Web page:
Singapore: the beautiful city state, famed for its lush gardens, splendid food, culturally diverse communities, and the cocktail Singapore Sling. I was there last week for the World Bank’s 2016 Urban Week. The event brought together leading city officials from all over the world and staff from international organizations. It was an excellent exchange on how to tackle urban planning in a sustainable and integrated way. One lesson that emerged from the gathering is that. Singapore is itself a prime example of a city that has understood the importance of connecting disaster risk management, urban planning, and quality living.
I currently live in Lao PDR. This country faces some of the same problems that Singapore is confronted with, including flooding. As Laos continues its social and economic development, the country would do well in keeping some of Singapore’s urban innovations in mind so as to avoid creating cities that become disaster hotspots. The planners at the Singapore Urban Redevelopment Authority as well as the National Water Agency have identified natural disasters and climate change as serious challenges to development. They are an example to follow when it comes to implementing key disaster risk management strategies, such as combining green (i.e. natural) and grey (i.e. engineered) solutions and using urban revitalization and multi-purpose infrastructure to manage disaster risk.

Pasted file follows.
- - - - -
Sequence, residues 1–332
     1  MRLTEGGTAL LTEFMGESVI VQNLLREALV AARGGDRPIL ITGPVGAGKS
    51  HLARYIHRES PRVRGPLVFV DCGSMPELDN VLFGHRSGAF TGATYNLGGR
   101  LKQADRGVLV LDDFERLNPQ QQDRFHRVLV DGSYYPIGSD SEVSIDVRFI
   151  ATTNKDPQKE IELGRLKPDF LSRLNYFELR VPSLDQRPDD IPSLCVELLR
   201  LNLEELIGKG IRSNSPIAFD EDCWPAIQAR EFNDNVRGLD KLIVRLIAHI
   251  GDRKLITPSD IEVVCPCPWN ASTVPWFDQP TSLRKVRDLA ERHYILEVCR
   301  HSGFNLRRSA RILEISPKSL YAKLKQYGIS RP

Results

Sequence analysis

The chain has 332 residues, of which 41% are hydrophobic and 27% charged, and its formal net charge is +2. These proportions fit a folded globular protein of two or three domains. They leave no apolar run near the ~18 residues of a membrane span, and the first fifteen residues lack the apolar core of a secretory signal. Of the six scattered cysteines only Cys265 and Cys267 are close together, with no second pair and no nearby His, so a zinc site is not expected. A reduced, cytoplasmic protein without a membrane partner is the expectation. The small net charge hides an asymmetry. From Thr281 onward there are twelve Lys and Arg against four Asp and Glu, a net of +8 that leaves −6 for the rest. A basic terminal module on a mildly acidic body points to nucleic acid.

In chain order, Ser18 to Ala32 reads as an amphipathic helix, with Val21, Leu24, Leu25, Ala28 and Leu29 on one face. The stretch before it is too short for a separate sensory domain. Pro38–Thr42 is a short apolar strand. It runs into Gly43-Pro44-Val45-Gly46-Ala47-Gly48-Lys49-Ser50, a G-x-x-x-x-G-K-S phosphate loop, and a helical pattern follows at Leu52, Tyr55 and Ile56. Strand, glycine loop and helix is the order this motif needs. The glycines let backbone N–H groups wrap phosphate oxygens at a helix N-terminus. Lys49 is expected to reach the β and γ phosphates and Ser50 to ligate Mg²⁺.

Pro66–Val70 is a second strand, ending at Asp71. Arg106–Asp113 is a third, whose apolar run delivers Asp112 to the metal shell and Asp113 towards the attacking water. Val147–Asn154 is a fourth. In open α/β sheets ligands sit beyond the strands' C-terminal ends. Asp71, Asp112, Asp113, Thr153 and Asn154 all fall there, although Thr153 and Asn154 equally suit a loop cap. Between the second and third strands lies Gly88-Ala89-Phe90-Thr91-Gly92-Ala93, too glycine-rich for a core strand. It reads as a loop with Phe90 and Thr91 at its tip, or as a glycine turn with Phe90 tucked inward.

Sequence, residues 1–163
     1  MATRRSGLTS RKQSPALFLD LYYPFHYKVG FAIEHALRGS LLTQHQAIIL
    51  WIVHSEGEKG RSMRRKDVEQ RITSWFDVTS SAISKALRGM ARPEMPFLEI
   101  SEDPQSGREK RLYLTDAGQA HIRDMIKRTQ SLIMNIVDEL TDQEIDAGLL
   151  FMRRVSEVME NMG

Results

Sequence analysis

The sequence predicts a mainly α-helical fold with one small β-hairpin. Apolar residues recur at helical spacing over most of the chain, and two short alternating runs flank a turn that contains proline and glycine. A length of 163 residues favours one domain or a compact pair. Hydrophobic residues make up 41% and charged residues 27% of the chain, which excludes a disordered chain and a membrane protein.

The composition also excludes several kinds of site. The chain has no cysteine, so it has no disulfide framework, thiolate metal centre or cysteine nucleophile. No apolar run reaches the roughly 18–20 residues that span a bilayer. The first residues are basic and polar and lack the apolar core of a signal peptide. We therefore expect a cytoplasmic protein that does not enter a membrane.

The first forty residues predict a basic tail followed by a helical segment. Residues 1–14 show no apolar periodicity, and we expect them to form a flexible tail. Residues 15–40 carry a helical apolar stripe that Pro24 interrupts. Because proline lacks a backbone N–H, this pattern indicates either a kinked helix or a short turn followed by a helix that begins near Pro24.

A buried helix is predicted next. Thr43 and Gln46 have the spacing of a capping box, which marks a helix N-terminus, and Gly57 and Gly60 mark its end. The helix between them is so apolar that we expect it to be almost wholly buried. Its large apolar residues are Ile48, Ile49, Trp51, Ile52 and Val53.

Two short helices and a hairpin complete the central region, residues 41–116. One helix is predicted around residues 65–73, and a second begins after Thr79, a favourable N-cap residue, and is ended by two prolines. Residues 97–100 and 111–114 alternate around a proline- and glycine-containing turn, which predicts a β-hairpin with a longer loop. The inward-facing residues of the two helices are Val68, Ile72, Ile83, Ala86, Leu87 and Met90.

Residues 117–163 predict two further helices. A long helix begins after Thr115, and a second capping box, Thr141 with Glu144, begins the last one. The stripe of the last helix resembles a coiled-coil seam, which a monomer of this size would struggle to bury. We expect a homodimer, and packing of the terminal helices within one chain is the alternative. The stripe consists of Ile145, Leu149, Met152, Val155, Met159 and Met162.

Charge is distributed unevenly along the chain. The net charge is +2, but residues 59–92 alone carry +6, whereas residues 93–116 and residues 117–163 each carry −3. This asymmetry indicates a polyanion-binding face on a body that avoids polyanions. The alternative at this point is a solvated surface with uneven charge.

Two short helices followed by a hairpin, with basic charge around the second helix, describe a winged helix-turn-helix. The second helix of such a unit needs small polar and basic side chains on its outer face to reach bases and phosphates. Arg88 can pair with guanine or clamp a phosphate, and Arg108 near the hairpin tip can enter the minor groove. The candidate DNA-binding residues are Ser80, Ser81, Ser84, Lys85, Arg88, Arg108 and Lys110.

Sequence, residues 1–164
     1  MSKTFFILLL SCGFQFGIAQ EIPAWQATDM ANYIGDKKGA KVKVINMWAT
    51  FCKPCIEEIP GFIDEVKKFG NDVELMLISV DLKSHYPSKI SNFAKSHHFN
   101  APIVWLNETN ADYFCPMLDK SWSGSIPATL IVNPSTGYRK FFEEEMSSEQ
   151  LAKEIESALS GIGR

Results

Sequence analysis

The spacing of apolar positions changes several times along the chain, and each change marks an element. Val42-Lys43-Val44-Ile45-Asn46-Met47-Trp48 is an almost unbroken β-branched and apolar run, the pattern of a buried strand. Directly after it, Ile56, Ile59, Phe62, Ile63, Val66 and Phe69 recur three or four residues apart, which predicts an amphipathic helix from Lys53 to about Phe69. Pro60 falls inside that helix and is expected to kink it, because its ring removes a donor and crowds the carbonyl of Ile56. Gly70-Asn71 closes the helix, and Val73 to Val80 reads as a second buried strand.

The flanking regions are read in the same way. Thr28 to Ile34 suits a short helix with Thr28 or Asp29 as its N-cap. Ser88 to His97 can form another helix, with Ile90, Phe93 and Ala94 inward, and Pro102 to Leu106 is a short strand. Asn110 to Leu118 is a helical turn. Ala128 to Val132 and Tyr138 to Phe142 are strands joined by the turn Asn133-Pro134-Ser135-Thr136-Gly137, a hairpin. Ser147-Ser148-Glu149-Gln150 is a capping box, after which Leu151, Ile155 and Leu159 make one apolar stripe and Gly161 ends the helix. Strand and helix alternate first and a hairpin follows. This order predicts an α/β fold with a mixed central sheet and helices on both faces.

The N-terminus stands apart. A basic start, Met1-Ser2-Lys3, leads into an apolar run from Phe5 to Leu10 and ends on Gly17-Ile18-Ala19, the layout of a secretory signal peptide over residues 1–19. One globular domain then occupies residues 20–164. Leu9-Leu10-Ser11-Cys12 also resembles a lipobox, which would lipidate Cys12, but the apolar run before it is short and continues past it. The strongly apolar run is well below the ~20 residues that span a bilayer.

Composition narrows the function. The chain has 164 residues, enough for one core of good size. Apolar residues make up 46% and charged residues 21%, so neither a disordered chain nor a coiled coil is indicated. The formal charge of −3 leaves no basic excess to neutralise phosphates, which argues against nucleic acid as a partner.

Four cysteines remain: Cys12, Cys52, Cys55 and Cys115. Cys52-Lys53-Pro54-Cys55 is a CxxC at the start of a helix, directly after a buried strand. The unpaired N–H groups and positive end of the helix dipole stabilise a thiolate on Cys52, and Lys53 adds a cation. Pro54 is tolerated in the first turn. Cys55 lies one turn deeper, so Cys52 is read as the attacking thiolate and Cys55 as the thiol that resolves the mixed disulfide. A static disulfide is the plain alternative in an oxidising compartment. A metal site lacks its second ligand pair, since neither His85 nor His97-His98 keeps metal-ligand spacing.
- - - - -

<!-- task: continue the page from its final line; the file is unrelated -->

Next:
For example, Singapore’s drainage and water retention infrastructure often doubles as parks. . The city preserves its trees and implements a strategic tree planting program that not only reduces flood risk but also improves water quality and stores carbon. Despite its severely limited space, the city is continuing to expand its green spaces, and it plans to have 0.8 hectares of land for parks per 1,000 citizens. When floods occur, the parks serve as flood retention areas. Many of these efforts are constitutive of the impressive ABC (Active, Beautiful and Clean) Waters Program. By integrating drains in parks, this program creates beautiful green spaces and rivers for all to enjoy. Wetlands, vegetable patches, cleansing biotopes, nature trails, tree plantations or butterfly gardens can all be found at the ABC drainage sites.
The city has also built reservoirs which hold flood waters in the event of heavy rain and which simultaneously are utilized as fresh water sources for the city. One example of a multi-purpose reservoir is the Marina Barrage which offers a 3 in 1 package. First, the facility pumps excess storm water out to the sea by means of pumps. Second, it provides water for the city. Third, it is a popular destination for outdoor activities in virtue of having pedestrian bridges, green viewing decks, and water sports opportunities.
Lao PDR has proven that it is committed to reducing disaster risk and has mainstreamed resilience into some of its planning documents and sectors. As Laos’s urban areas grow, the country can benefit from integrating some of Singapore’s commendable steps into its urban plans to prepare its cities for the future. to protect its valuable resources and wonderful people. I was thinking of this when I, on my return, enjoyed a beautiful sunset over the Mekong, where the sundowner of choice is not the famed cocktail from Singapore but Laos’ own classic: the Beerlao.